There's something fitting about naming a lo-fi garage-pop song after a dying analog art form, not to mention shooting the music video for it with an 8mm filter.
Enter “Photography Is Over,” the newest track from San Francisco band Jet Trash. The upbeat surf-rock song has a sun-baked, sand-in-the-cracks grit to it, replete with energetic guitar riffs and catchy lyrics. Singer/guitarist Paul Kemp says that the lyrics for the song were inspired by a conversation he had with drummer Robby Justesen about how cell phones and modern technology have effected society. “There seems to be a constant desire for instant digital entertainment these days,” he says. “Very few young people are going to sit around patiently waiting for film to develop anymore [and] it just seemed like a really interesting theme to explore.”
[jump] The music video, premiered today on All Shook Down, was shot all over San Francisco in places like the Mission, Dolores Park, Noe Valley, Haight Street, Baker Beach, and the Sutro Bath caves. There's a carefree, endless summer vibe to the footage, which depicts backyard house parties, live shows, friends hanging out, girls tanning at the beach, and other random adventures. As Kemp says, “We were trying to capture the excitement of having random summer adventures in the city.” Afterwards, an 8mm filter was added to the footage to give it “a vintage feel, like the intro to the show The Wonder Years,” adds Kemp.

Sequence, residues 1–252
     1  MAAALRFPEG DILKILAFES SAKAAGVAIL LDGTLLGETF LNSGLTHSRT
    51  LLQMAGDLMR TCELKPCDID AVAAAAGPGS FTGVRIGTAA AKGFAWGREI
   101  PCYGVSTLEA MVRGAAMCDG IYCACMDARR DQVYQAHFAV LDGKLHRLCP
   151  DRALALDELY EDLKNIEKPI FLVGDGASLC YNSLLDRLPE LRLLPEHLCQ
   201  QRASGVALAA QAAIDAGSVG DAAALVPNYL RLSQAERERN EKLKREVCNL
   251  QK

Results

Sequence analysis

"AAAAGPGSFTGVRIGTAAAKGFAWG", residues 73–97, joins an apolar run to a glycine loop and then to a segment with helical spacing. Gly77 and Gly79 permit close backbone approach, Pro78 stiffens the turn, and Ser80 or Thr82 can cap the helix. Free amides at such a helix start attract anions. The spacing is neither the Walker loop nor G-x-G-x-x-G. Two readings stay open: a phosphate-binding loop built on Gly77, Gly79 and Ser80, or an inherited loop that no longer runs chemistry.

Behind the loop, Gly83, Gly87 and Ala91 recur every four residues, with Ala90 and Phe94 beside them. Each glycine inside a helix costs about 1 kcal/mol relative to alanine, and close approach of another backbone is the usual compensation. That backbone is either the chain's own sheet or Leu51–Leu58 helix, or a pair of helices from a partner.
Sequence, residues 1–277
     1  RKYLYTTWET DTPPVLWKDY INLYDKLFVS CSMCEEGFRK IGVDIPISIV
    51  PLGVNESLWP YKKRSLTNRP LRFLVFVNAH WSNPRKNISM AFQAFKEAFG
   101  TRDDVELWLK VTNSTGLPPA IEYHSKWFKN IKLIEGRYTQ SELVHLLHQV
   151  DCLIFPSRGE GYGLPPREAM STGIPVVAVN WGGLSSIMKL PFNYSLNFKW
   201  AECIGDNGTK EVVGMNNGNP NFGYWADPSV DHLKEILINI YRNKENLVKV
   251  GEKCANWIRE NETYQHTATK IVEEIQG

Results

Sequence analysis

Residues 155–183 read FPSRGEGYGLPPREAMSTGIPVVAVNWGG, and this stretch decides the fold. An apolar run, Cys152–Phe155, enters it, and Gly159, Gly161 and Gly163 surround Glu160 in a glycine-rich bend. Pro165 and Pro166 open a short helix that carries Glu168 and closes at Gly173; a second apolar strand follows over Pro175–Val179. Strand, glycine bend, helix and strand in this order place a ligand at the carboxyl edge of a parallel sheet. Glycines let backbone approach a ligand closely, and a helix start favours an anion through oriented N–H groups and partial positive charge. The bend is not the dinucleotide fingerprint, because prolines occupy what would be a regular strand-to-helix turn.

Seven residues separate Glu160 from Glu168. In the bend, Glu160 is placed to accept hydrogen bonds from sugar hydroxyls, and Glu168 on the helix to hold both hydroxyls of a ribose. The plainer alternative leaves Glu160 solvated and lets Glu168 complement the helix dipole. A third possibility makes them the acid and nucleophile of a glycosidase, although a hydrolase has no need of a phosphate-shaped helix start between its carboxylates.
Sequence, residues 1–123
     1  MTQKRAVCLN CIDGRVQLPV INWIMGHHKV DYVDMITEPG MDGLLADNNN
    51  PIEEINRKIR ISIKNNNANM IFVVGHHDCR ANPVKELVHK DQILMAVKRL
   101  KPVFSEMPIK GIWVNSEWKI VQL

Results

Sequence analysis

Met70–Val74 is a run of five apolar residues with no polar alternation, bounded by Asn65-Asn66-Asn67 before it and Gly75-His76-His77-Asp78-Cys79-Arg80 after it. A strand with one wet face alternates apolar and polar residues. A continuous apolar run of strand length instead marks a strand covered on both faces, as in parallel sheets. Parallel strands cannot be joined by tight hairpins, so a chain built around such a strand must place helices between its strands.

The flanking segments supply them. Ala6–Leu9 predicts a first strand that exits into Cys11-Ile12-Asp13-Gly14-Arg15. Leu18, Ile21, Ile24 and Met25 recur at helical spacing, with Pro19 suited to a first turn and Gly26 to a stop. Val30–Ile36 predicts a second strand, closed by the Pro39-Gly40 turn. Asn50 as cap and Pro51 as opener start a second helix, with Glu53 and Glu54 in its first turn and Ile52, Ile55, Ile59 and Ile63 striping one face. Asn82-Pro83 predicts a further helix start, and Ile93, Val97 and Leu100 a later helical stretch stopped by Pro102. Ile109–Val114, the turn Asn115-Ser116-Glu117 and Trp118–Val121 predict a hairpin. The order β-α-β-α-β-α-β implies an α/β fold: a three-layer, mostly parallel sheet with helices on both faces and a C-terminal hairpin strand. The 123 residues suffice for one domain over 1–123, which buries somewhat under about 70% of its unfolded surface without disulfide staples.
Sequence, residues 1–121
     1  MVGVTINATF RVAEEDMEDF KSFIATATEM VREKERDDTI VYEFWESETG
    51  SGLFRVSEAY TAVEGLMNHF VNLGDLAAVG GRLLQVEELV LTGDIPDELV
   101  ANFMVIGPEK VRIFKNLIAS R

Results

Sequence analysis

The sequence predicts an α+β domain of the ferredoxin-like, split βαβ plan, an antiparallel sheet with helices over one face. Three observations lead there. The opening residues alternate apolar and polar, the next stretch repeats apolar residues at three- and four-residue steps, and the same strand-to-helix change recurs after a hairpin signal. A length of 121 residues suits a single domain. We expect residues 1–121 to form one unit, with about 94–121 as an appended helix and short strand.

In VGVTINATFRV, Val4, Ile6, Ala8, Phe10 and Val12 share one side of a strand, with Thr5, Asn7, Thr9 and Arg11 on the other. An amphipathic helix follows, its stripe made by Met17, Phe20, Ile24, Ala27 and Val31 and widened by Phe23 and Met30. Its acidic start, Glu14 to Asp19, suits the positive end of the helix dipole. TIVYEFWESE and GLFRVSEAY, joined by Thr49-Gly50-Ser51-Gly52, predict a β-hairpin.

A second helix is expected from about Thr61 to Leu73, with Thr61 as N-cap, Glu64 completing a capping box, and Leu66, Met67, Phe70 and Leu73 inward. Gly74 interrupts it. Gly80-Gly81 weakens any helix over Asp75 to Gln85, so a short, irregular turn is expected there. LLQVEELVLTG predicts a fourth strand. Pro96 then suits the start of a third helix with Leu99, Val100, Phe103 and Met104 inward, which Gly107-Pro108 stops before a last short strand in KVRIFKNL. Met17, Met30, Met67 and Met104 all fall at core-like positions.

The theme of analog verses digital is also present in the quartet's self-titled July 2015 EP, which is unsurprisingly available in both digital and cassette form. There's a DIY ethos drives the project, which was recorded with both digital and retro instruments and equipment.
Jet Trash formed in 2013 and is comprised of a group of friends: Kemp, Keith Shughrou (guitar, backing vocals), Marshall Fassino (bass, vocals), and Justesen (drums). Though their music is all about having fun, there's an intentional simplicity behind it, as evidenced by their love for things of the past and tendency to wear black, non-logo clothing for performances. Says Kemp: “At the end of the day, it's more honest that way.”